Voigtländer Prominent (1952)

This is a Voigtländer Prominent 35mm rangefinder camera made by Voigtländer AG Braunschweig between the years 1952 and 1958.  At the time of it’s release, it was Voigtländer’s top of the line 35mm camera and was designed to compete with Ernst Leitz’s Leica series.  It has an interchangeable bayonet lens mount, a coincident …

KMZ Zenit-E (1965)

This is a Zenit-E 35mm SLR camera, made by Krasnogorski Mekhanicheskii Zavod (KMZ) in the former Soviet Union between the years of 1965 and 1986.  The entire Zenit (Зенит) line was extremely successful and not only sold very well, but it has become an iconic camera of the Soviet Union.  Millions …

GOMZ Smena-4 (1958)

This is a Smena (Смена) 4, a 35mm compact camera made by GOMZ in Leningrad, Russia and was produced between 1958 and 1960.  It was the 4th in the Smena family of cameras, and the last to be produced with this body style, made entirely of Bakelite.  The camera was …

Kiev-19 (1985)

This is a Kiev-19, a 35mm Single Lens Reflex camera made by the Arsenal Factory in Kiev, Ukraine between the years 1985 to 1994.  It was a replacement to the earlier Kiev-17 which was the first Soviet camera to use Nikon’s F bayonet mount.  Most Nikon F-mount lenses will work …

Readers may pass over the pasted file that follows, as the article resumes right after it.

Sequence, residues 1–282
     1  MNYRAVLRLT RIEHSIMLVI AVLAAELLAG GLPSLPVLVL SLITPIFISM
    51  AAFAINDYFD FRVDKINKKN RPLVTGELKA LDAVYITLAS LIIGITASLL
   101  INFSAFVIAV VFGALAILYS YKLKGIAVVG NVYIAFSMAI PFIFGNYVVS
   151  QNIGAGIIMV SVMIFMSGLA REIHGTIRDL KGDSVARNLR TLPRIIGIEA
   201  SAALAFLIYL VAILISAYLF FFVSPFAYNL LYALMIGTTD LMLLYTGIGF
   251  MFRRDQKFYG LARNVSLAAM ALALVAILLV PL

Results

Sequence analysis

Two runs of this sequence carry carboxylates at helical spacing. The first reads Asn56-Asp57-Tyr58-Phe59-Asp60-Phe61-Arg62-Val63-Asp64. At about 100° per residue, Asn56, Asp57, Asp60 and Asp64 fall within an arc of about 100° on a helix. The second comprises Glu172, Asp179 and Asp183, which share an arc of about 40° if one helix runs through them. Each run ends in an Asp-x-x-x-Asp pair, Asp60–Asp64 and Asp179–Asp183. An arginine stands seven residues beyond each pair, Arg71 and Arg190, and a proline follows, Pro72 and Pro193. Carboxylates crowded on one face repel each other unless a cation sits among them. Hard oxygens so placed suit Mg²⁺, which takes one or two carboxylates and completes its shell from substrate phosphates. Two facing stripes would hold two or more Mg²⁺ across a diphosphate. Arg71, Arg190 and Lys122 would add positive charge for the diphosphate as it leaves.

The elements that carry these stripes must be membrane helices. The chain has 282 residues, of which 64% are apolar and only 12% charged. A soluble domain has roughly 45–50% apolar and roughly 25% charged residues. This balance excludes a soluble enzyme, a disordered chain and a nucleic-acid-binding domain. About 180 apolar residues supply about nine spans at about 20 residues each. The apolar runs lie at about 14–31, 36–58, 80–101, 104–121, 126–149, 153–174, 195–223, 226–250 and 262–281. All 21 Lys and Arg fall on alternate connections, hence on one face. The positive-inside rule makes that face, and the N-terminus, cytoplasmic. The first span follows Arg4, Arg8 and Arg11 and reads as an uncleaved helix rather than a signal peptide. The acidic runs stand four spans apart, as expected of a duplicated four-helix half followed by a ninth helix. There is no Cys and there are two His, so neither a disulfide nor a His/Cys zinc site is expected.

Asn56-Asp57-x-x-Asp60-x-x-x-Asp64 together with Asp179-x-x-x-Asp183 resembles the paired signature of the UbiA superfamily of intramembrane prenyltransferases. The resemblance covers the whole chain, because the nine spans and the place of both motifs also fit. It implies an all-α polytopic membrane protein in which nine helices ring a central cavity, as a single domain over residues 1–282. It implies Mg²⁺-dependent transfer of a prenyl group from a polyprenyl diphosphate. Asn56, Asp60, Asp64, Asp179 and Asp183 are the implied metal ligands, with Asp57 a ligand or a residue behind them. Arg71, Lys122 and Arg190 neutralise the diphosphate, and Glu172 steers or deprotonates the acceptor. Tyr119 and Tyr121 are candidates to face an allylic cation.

Keppler’s Vault 23: Russian Lenses Reviewed

In the last couple of decades, Soviet era cameras and lenses have enjoyed a generally positive reputation, making lenses like the Jupiter-8 and Helios-44 sought after by people searching for cost-effective alternatives to German or Japanese models.  Even the lower end Industars can be good options for people looking for acceptable …

Zorki 5 v1 (1958)

This is a Zorki 5 rangefinder camera made by Krasnogorskiy Mechanicheskiy Zavod (KMZ) in Krasnogorsk during the years of 1958 – 1959.  This particular camera is an early and much less common variant with a red Zorki-5 logo engraved into the body, and a square rangefinder window.  Later Zorki 5s had a …

GOMZ Leningrad (1956)

This is a Leningrad 35mm rangefinder camera made by GosuDarstvennyi Optiko-Mekhanicheskii Zavod (GOMZ for short) between the years of 1956 and 1968.  Although using the same M39 screw mount as many other Soviet rangefinders, the Leningrad is not based off any existing German design like the Zenit or FED rangefinders that …

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